Done right, the job of Los Angeles County Supervisor requires not just an understanding of how a large bureaucracy works, but a sensitivity to the diverse needs of the nation's most populous county. Voters will make choices in two supervisorial districts June 5. In the 3rd District, Edmund D. Edelman deserves to be reelected. In the 1st District, 10 candidates are vying to succeed the retiring Supervisor Pete Schabarum. Sarah Flores is the best choice.
Edelman faces only token opposition, but he has earned a vote of confidence from his constituents in a district that runs from the Westside to East Los Angeles. He has pushed more funding for public-health care, particularly in dealing with the AIDS epidemic. He has voted for anti-gang programs that go beyond a police response to the problem and try to offer young people alternatives. Most important, he had the foresight to argue for modernizing county government by expanding the board to include minority representation and electing a county mayor to offset the stifling power of the five supervisors.
Schabarum, the erstwhile leader of the board's conservative bloc, never shared Edelman's broad vision. Some of his ideas for cutting government costs and privatizing public services had merit. Unfortunately, Schabarum usually made his case in a contrary and overbearing manner that angered more people than it ever won over. Virtually every candidate running to replace him stresses skills as a conciliator. They're trying to say they won't be as ornery as Schabarum. Whoever wins must also takes a more open-minded attitude towards problems like AIDS and runaway development than Schabarum ever did.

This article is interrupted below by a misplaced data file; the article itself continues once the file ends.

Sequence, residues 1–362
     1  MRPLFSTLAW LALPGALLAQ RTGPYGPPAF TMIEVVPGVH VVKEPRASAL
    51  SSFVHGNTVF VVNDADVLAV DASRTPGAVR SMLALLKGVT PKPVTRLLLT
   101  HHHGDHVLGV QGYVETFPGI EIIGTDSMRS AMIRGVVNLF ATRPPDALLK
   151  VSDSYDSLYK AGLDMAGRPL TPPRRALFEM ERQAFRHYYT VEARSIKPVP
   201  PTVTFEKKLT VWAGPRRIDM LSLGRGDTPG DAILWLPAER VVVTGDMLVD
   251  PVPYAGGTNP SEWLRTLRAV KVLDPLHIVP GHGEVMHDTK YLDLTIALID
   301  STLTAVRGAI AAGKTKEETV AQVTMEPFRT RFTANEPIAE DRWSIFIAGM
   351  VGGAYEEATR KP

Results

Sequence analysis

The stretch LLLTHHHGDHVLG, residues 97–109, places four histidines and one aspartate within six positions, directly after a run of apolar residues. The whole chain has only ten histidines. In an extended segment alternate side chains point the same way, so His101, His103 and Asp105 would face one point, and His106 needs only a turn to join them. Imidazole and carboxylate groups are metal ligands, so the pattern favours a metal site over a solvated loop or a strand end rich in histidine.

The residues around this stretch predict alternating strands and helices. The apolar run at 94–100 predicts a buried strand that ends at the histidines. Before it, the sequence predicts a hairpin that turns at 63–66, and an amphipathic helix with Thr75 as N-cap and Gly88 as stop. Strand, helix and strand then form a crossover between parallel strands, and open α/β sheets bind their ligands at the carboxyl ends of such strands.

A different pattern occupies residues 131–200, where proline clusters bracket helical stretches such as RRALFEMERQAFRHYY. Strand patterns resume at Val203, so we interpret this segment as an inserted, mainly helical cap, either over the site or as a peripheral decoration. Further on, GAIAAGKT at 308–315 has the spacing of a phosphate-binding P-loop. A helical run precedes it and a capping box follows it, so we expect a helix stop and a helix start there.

Several of the candidates have very good credentials, among them Monrovia Mayor Robert Bartlett, Pomona City Councilmember Nell Soto and Jim Lloyd, who once represented the San Gabriel Valley area in Congress. The man Schabarum endorsed as his successor, Superior Court Judge Gregory O'Brien, is also impressive. He gets high marks from his colleagues on the bench, but he can best serve the residents of the county by remaining there.
Flores has worked in county government 30 years. She was Schabarum's chief field deputy for 18 years, but was summarily passed over by the supervisor when he looked at potential successors. Although she served Schabarum loyally, the rude shock of that snub seems to have given her a new perspective on her former boss and his gruff methods. We hope the experience will serve her well as she learns to advance her own cause and work cooperatively with the other supervisors.
Flores may define herself as conservative--and coming from a heavily suburban district made up of many small, fiercely independent cities, one could hardly expect anything else. But she also shows considerable sensitivity to the changing nature of Los Angeles County and its problems. As a Latina, she understands the need for better ethnic representation in county government and is willing to support expansion of the Board of Supervisors for that purpose. As a native of the district, she has seen it change, and not always for the better, because of virtually unrestrained growth. She says she's willing to ask tough questions about how much more Los Angeles really needs to grow.
In virtually every category, Flores is a good choice for supervisor and we commend her candidacy to the voters of the 1st District.